Monthly Archives: October 2013

Which Comes First – Periods or Puberty Ed?

Often what comes first is puberty, followed closely by periods with education about both lagging far behind.

With many girls experiencing their first period (menarche) in 5th grade, and some in second (or even first grade), waiting until 6th grade to offer puberty/sex ed makes no sense.

If girls received information and education about changes they would soon experience BEFORE they experienced them and felt prepared, they would be empowered to embrace the changes. What a difference it would make in their comfort level and ability to accept the changes and feel good about themselves and the changes they experience and see in their peers.

For more about this, check out NPR’s piece: Puberty Is Coming Earlier, But That Doesn’t Mean Sex Ed Is.

Living Within Your Cycle

As one who no longer flows, I can attest that menstruation is an important and necessary component to a woman’s emotional makeup.

As my body becomes more and more accustomed to the lessening of hormones that menopause brings, I find that my mind wishes to become so, but is as yet unable.

I still seek my cycle day (CD) and the knowledge of where I am within my cycle.  If I detect ovulation, I eagerly anticipate the changes that will lead to menstruation.

Yes, even without a uterus, my body signals when menstruation begins.  Menstruation is more than physical – more than a matter of blood flowing from your vagina.

Menstruation is mental as well. It’s a welcome change…a needed and necessary change.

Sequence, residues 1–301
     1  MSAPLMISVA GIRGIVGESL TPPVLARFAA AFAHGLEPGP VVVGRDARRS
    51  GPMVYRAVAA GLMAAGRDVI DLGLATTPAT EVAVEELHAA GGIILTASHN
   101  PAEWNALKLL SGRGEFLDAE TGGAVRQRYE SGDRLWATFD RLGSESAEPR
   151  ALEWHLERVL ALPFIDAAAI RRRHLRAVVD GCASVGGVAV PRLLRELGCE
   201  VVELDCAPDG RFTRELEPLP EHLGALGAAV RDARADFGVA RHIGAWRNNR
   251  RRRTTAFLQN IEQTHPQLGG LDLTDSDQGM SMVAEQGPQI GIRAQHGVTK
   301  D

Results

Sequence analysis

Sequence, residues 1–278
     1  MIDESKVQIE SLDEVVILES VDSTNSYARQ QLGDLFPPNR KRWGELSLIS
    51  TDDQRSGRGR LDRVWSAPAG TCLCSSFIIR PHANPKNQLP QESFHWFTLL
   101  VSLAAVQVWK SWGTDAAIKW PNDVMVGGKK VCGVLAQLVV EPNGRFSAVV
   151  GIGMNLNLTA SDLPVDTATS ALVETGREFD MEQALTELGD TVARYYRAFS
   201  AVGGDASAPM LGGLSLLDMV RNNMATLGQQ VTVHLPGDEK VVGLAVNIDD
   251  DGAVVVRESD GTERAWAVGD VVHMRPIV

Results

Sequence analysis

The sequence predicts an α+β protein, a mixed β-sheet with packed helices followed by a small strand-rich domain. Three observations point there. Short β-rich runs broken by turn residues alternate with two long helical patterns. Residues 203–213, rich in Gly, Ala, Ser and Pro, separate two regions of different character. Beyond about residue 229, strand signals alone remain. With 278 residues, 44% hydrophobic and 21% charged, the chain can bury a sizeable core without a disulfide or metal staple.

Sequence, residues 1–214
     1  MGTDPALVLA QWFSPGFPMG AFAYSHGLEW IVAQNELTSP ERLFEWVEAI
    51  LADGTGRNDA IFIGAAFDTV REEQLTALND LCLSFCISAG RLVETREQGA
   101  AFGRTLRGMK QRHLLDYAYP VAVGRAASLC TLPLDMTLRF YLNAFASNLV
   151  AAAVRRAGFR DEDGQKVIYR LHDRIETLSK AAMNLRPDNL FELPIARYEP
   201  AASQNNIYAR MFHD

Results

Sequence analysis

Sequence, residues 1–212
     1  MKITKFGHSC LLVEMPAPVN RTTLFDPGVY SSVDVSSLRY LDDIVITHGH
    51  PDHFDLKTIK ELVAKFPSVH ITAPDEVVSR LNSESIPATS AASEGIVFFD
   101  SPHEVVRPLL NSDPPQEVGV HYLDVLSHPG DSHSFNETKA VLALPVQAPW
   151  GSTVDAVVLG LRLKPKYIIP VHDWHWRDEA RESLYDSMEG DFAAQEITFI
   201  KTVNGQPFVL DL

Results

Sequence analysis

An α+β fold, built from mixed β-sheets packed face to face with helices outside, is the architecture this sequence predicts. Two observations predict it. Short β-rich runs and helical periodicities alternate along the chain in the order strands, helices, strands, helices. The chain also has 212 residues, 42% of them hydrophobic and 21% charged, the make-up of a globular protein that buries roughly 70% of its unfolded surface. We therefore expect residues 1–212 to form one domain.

How often have you said/heard, “I’ll be glad when my period starts!” ?

Why do you suppose we say that? What is it about menstruation that’s so welcome?

I wish all who cycle eagerly anticipated the changes each cycle day brought and welcomed the strengths present in them.

Living within your cycle is an awesome way to live.

It’s empowering.

It’s liberating.

It’s period wise.

Pregnant Before Her First Period

At 11 years of age, Hope became a mother just weeks shy of her 12th birthday.  The baby’s daddy is just 17 months older.

Hope’s mother, Lisa, says that she was shocked to find out on Christmas Eve of last year that her daughter was pregnant — when Hope was already six months along. She recalls that, as Hope was getting up off the couch, she noticed that her stomach was protruding out. “Hope had never even gotten her period,” Lisa says. She insists that she had no idea that Hope and her boyfriend, Bailey, were having sex.(Read more about Dr. Phil’s show 10-10-13.)

Did you notice what Hope’s mom said?  “Hope had never even gotten her period.”

11 year old Hope got pregnant and she’d never had a period – not one.

What about your girls? Have you “had the talk” with them? Are your girls sexually active?  Would you know if they were?

What about it, moms?  Are your girls period wise?

Period Wise Women BSE (Breast Self Exam)

A dear friend recently underwent surgery to eradicate and prevent breast cancer. I wish her all the best as I pray for a speedy and full recovery.

October is Breast Cancer Awareness Month.